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How does out-of-pocket spending work?

Out-of-pocket expenses are the costs of your health care you have to pay yourself. Your insurance doesn’t cover out-of-pocket spending.  These costs typically include the following four categories of expenses.
  1. Your premium, the initial cost of buying your insurance, paid in one lump sum or in installments throughout the year.
  2. Your deductible, the amount of money you agree to pay for medical expenses before your insurance “kicks in” and begins covering those costs. For example, if your plan carries a $2,000 deductible, you are responsible for the first $2,000 of your medical expenses in your plan year; once you have paid that $2,000, your insurance will cover the remaining eligible expenses for that year.
  3. Your coinsurance. Some insurance plans include a cost-sharing agreement that requires you to pay some of the costs of your medical services once you have met your deductible. For example, in some plans, after you have paid your annual deductible, your medical plan will cover 80 percent of costs and you will be responsible for the remaining 20 percent.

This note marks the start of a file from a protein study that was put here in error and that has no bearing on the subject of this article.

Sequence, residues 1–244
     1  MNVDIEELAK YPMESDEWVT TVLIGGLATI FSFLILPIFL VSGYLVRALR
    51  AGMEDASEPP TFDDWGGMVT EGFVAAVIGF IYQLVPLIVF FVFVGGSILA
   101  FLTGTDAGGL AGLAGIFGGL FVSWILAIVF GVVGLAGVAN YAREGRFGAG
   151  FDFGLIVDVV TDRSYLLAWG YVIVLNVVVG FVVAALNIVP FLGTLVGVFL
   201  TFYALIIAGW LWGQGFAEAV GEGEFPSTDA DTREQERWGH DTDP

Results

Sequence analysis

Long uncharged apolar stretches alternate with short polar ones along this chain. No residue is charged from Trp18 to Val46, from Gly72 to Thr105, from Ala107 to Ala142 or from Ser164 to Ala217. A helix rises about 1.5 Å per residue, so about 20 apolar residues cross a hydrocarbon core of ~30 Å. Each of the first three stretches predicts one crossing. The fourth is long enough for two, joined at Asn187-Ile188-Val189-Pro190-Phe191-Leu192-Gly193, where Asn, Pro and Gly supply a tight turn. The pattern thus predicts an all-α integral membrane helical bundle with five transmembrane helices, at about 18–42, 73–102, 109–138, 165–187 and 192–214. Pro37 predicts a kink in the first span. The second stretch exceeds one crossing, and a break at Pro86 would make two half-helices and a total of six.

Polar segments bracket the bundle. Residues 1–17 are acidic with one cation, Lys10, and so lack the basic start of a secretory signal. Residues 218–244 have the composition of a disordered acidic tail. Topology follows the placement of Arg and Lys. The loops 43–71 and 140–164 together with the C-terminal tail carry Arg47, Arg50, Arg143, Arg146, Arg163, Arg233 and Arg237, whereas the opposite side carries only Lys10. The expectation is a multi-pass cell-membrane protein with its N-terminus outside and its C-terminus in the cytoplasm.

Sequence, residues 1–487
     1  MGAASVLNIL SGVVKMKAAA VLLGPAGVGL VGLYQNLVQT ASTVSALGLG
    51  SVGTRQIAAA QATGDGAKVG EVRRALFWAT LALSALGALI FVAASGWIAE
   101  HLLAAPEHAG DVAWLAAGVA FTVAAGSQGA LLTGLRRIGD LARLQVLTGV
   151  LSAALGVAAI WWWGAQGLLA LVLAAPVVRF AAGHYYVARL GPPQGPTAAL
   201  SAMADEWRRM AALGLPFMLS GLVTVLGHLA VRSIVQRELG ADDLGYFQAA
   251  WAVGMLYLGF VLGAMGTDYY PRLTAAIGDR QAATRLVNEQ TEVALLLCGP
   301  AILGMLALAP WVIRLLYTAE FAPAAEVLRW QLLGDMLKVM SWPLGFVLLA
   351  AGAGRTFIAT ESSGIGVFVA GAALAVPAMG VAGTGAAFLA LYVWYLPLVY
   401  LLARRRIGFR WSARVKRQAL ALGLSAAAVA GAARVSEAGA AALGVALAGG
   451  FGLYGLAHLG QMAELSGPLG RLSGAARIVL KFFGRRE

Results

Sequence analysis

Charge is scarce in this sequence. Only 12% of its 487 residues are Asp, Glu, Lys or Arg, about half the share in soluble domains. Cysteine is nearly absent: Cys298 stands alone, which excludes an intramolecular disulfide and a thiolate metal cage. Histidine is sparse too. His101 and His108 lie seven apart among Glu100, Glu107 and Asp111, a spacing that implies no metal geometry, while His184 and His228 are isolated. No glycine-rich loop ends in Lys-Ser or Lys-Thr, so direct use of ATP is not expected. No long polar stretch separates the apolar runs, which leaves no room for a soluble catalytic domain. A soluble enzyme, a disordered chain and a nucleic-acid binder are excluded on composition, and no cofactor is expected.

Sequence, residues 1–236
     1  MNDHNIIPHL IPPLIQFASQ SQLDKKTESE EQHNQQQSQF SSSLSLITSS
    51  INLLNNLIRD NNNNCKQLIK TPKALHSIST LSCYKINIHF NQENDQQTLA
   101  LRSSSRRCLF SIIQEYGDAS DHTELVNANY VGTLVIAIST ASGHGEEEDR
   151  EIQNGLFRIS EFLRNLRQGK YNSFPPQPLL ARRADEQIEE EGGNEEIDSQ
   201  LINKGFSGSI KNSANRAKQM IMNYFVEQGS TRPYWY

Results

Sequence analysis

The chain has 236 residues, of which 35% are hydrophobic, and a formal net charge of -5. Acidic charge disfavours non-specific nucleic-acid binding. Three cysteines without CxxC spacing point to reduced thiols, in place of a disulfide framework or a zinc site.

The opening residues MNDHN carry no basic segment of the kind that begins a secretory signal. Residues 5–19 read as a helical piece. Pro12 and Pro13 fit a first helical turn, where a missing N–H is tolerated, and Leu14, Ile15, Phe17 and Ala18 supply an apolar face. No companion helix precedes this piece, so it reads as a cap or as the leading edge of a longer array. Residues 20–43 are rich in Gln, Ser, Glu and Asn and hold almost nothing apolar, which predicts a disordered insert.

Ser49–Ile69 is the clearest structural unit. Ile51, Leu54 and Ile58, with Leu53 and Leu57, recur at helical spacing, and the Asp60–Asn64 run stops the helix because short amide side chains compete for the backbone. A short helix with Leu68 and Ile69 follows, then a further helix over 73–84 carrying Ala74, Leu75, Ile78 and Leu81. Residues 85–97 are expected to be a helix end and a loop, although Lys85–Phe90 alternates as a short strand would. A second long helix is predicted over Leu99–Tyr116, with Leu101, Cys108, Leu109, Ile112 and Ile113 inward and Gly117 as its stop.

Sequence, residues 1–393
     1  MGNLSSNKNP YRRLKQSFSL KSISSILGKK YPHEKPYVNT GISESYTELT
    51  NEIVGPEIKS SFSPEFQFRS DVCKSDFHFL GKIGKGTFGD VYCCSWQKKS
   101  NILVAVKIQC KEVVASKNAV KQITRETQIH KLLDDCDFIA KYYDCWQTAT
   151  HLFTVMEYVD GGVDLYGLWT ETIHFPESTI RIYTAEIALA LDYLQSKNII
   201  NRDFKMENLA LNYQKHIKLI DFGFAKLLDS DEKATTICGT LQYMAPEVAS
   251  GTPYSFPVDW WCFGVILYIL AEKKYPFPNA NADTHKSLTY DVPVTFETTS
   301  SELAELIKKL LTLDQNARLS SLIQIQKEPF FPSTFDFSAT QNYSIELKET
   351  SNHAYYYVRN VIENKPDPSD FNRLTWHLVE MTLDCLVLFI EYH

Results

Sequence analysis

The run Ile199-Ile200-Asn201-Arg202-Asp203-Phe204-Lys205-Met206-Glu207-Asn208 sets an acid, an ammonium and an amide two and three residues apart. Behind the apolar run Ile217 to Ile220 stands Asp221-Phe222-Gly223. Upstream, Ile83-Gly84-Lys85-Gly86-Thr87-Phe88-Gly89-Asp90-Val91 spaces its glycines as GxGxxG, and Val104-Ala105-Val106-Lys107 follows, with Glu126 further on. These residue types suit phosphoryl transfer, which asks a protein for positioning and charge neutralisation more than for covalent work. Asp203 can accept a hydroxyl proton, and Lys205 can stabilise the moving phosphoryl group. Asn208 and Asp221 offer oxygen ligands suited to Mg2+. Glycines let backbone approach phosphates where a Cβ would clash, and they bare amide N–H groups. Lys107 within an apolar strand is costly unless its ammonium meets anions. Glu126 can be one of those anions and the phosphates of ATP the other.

4. Your copayment, the flat fee you pay each time you seek certain medical services. The fee may differ depending on the type of service you are seeking. For example, your plan might require a copayment of $20 for an office visit to your primary care doctor, $50 for a visit to a specialist, and $100 for an emergency room visit. 
Insurance plans typically carry an out-of-pocket maximum or limit, which is the most you would have to pay for your medical expenses in a plan year. After that point, your insurance would cover 100 percent of your medical expenses. Under the Patient Protection and Affordable Care Act (PPACA), the maximum out-of-pocket limit for any individual Marketplace plan for 2016 is $6,850 for an individual plan and $13,700 for a family plan.

Other expenses that can be considered out-of-pocket are those for vision or dental care if not covered by your plan, for non-network non-emergency treatment, for tests or procedures or anesthesia considered non-essential or for over-the-counter drugs and other medical supplies not prescribed by your doctor. These would not be counted under the out-of-pocket limit, but some of these costs may be payable by a flexible spending account or similar program. 

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Important: This content reflects information from various individuals and organizations and may offer alternative or opposing points of view. It should not be used for medical advice, diagnosis or treatment. As always, you should consult with your healthcare provider about your specific health needs.